A robotic wheelchair trainer: design overview and a feasibility study

Marchal Crespo, Laura; Furumasu, Jan; Reinkensmeyer, David J (2010). A robotic wheelchair trainer: design overview and a feasibility study. Journal of NeuroEngineering and Rehabilitation, 7(1), p. 40. BioMed Central 10.1186/1743-0003-7-40

[img]
Preview
Text
document(5).pdf - Published Version
Available under License Creative Commons: Attribution (CC-BY).

Download (1MB) | Preview

Background Experiencing independent mobility is important for children with a severe movement disability, but learning to drive a powered wheelchair can be labor intensive, requiring hand-over-hand assistance from a skilled therapist. Methods To improve accessibility to training, we developed a robotic wheelchair trainer that steers itself along a course marked by a line on the floor using computer vision, haptically guiding the driver's hand in appropriate steering motions using a force feedback joystick, as the driver tries to catch a mobile robot in a game of "robot tag". This paper provides a detailed design description of the computer vision and control system. In addition, we present data from a pilot study in which we used the chair to teach children without motor impairment aged 4-9 (n = 22) to drive the wheelchair in a single training session, in order to verify that the wheelchair could enable learning by the non-impaired motor system, and to establish normative values of learning rates. Results and Discussion Training with haptic guidance from the robotic wheelchair trainer improved the steering ability of children without motor impairment significantly more than training without guidance. We also report the results of a case study with one 8-year-old child with a severe motor impairment due to cerebral palsy, who replicated the single-session training protocol that the non-disabled children participated in. This child also improved steering ability after training with guidance from the joystick by an amount even greater than the children without motor impairment. Conclusions The system not only provided a safe, fun context for automating driver's training, but also enhanced motor learning by the non-impaired motor system, presumably by demonstrating through intuitive movement and force of the joystick itself exemplary control to follow the course. The case study indicates that a child with a motor system impaired by CP can also gain a short-term benefit from driver's training with haptic guidance.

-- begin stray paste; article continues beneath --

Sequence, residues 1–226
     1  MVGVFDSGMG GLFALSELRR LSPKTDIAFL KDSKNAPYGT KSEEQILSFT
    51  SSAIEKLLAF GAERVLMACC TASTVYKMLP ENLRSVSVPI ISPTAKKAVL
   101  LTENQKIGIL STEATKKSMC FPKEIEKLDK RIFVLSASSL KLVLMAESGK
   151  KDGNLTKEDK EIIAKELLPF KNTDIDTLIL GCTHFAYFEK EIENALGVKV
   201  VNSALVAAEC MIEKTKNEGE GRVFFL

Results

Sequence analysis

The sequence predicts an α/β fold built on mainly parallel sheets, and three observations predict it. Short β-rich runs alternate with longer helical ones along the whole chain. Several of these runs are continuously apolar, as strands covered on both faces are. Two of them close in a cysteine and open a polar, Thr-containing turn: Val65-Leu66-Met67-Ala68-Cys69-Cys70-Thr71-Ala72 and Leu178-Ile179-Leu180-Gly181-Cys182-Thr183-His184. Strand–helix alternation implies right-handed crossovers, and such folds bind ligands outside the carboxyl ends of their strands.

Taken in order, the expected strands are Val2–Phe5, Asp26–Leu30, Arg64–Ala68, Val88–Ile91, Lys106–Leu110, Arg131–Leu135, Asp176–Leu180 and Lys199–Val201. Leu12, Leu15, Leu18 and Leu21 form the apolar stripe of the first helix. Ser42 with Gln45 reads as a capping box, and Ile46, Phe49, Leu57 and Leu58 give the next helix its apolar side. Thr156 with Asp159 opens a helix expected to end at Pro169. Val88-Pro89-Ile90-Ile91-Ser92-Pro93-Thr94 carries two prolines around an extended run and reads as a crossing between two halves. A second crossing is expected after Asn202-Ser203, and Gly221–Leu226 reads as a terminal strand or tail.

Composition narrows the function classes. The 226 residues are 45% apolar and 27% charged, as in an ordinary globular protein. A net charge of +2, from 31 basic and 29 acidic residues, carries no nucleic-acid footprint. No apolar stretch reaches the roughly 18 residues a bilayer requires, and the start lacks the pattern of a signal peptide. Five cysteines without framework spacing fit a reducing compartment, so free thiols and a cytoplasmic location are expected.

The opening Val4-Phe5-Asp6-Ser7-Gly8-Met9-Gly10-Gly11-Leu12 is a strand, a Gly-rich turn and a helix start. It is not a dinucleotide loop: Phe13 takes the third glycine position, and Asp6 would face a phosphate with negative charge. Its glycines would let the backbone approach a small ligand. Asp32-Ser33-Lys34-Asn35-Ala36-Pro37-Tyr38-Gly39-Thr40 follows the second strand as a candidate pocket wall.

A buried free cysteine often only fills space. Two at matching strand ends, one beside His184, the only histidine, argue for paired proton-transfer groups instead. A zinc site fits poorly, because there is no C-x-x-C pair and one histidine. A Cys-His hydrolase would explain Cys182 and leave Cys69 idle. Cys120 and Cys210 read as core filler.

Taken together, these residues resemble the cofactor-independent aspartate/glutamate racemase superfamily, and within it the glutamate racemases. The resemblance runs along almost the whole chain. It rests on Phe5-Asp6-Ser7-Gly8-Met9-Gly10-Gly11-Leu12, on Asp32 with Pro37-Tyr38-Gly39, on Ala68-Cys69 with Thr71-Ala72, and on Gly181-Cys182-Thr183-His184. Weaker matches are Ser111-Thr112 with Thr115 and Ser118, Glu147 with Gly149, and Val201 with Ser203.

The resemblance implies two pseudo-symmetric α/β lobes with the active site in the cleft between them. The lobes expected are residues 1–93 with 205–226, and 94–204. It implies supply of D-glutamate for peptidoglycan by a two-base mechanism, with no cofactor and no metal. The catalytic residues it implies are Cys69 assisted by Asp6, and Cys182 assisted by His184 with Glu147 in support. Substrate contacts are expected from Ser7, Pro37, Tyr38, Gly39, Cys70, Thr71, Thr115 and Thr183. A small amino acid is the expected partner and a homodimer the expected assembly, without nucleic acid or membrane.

Item Type:

Journal Article (Original Article)

Division/Institute:

10 Strategic Research Centers > ARTORG Center for Biomedical Engineering Research > ARTORG Center - Motor Learning and Neurorehabilitation
10 Strategic Research Centers > ARTORG Center for Biomedical Engineering Research > ARTORG Center - Gerontechnology and Rehabilitation

UniBE Contributor:

Marchal Crespo, Laura

Subjects:

600 Technology > 610 Medicine & health
600 Technology > 620 Engineering

ISSN:

1743-0003

Publisher:

BioMed Central

Language:

English

Submitter:

Angela Amira Botros

Date Deposited:

18 Jun 2018 09:25

Last Modified:

23 Oct 2019 18:53

Publisher DOI:

10.1186/1743-0003-7-40

PubMed ID:

20707886

BORIS DOI:

10.7892/boris.117035

URI:

https://boris.unibe.ch/id/eprint/117035

Actions (login required)

Edit item Edit item
Provide Feedback